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English clarifies US travel ban effects here

The prime minister says Kiwis with dual citizenship won't be affected by Trump's travel ban.

Jason Walls
Wed, 01 Feb 2017

Prime Minister Bill English believes New Zealand citizens who have dual citizenship with seven countries being targeted by the US for a 90-day ban will not be affected. 

Although Mr English says he disagrees with the US policy, he does not think it will dampen New Zealand/US relations.  

Speaking before National’s all-day caucus at Premier House, Mr English told reporters New Zealand officials have been working hard to clarify how the travel ban affects Kiwis.

He says people with dual citizenship won’t have problems when travelling to the US if they have a visa and if the US officials “follow the proper policy.”

“We don’t see any reason why someone who is a New Zealander with dual citizenship for any of those seven countries should have any problems.”

US President Donald Trump signed an executive order over the weekend which temporarily suspended entry into the US for seven majority Muslim countries.

The US embassy in Wellington had previously confirmed that New Zealand – along with other “five-eyes” country member – would be exempt from the travel ban.

But Mr English clarified that it is in fact not an exemption but is part of the US administration’s policy.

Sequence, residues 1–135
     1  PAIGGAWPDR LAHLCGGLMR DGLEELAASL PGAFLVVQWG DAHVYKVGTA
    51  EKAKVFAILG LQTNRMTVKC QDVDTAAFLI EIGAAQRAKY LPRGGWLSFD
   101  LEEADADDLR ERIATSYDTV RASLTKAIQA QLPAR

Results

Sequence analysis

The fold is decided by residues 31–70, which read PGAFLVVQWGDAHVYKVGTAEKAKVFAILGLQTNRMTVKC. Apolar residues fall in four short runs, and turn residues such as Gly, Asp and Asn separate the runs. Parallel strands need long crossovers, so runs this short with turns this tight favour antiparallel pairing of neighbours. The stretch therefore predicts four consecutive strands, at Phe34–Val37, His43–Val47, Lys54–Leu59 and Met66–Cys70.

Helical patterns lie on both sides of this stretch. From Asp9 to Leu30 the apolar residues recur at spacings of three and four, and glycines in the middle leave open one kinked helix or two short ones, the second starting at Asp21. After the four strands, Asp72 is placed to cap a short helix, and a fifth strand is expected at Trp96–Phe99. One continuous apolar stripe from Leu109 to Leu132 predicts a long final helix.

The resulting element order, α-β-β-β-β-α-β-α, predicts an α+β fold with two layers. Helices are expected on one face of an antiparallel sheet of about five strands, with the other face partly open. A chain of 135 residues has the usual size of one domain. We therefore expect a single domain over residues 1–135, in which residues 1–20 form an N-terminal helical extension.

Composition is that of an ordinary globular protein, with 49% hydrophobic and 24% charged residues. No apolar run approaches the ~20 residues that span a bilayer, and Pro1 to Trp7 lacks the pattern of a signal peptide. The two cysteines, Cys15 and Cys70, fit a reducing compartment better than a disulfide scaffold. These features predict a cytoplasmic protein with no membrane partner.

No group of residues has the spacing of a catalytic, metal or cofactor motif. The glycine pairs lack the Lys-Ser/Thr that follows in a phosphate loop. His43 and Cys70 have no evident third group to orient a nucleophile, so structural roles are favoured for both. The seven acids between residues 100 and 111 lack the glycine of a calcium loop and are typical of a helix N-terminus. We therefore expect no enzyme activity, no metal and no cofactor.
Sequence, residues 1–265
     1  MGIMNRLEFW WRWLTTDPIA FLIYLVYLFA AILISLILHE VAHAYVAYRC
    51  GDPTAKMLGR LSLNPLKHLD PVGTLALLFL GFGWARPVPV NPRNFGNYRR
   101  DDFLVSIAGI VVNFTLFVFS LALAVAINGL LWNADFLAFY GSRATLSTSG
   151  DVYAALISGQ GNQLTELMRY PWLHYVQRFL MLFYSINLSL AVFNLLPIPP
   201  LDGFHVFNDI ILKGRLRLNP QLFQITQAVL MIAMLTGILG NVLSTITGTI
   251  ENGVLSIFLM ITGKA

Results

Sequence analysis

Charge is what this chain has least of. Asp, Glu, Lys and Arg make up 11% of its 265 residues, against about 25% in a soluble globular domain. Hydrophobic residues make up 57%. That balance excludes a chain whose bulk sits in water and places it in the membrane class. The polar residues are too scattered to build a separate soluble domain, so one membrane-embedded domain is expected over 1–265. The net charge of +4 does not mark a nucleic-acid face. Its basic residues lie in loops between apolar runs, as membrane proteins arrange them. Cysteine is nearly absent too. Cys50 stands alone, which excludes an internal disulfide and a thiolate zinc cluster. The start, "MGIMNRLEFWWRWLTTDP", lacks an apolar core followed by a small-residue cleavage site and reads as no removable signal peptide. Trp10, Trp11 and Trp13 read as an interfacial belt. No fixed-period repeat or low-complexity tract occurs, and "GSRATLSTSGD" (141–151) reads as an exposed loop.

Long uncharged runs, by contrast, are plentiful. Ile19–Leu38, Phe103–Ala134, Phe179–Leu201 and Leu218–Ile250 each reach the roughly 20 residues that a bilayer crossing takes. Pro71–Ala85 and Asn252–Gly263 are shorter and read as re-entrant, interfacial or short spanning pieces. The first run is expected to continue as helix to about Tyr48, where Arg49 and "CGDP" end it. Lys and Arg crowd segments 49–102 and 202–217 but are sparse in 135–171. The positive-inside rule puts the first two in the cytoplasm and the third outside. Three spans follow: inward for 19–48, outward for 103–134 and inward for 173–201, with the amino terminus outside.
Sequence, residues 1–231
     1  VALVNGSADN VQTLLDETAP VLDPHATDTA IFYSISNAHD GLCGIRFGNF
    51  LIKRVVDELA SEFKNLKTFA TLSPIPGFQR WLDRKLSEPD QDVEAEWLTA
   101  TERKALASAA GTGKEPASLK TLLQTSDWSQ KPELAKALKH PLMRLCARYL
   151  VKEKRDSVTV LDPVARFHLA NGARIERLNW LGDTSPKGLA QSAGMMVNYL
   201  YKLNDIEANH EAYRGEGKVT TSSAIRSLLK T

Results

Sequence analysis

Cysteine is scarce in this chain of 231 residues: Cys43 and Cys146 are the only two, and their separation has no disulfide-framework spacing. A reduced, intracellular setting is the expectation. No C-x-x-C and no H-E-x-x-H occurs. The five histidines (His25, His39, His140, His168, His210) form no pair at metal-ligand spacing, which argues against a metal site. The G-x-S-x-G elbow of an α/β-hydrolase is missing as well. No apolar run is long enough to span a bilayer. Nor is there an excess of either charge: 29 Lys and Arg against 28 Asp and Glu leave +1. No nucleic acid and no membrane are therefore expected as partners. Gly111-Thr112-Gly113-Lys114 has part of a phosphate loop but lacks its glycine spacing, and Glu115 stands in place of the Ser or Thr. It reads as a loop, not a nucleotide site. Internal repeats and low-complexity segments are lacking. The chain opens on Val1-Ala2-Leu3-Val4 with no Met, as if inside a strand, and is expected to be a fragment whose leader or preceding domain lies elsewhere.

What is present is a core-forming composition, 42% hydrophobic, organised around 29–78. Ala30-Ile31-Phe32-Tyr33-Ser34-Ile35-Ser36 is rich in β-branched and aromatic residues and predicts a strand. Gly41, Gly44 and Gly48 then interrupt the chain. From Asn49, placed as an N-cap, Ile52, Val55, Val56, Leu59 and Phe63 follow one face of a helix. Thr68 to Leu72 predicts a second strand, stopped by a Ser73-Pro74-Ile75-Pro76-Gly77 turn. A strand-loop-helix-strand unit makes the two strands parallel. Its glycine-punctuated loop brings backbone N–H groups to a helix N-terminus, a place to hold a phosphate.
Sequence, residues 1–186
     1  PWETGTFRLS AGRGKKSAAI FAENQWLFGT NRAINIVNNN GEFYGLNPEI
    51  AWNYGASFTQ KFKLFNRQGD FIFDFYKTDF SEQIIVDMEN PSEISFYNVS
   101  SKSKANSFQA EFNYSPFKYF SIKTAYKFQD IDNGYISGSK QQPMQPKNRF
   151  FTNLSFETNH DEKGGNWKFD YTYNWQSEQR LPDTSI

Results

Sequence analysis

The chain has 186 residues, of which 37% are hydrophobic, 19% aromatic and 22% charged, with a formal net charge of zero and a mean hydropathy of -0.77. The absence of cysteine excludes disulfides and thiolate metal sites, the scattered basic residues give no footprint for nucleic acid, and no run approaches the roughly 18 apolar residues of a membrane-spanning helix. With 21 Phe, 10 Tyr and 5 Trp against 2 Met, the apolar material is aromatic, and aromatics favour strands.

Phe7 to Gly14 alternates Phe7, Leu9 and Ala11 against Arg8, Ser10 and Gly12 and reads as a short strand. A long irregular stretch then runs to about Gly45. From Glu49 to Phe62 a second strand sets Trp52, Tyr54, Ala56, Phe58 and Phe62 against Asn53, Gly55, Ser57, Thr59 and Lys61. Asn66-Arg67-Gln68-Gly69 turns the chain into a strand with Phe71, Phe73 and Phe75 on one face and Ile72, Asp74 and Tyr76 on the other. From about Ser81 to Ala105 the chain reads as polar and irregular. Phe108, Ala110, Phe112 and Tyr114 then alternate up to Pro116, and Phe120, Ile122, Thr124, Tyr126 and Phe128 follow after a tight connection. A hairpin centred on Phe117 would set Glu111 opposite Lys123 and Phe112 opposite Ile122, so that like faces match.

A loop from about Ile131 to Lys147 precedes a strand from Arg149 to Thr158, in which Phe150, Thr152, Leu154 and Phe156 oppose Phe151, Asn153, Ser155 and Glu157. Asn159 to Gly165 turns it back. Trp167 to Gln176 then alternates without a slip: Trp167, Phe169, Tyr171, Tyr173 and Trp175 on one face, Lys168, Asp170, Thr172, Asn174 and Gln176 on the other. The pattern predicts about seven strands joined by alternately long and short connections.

He says it had been frustrating that there has been such an information gap but this has been a frustration shared by “pretty much every country in the world.”

“It has taken a number of days for the US administration to clarify the policy. Our officials have had direct contact with [US] officials and we’re advised this morning a statement would be put up.”

Mr English reiterated that he did not agree with the policy and his government would not implement this type of policy here.

“We don’t want some of the debate going on around it to create division in New Zealand,” he says.

He adds that it is important that New Zealand maintains a positive relationship with the US and says he does not expect New Zealand’s relationship with the US to deteriorate because of the disagreement of the policy.

“There is a long history of New Zealand disagreeing with the US over policy, going right back the Vietnam War in the 1950s,” he says.

“That doesn’t change the need for a small country, a positive relationship with the US. I think you can do that at the same time as disagreeing with some of the policies.”

Jason Walls
Wed, 01 Feb 2017
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English clarifies US travel ban effects here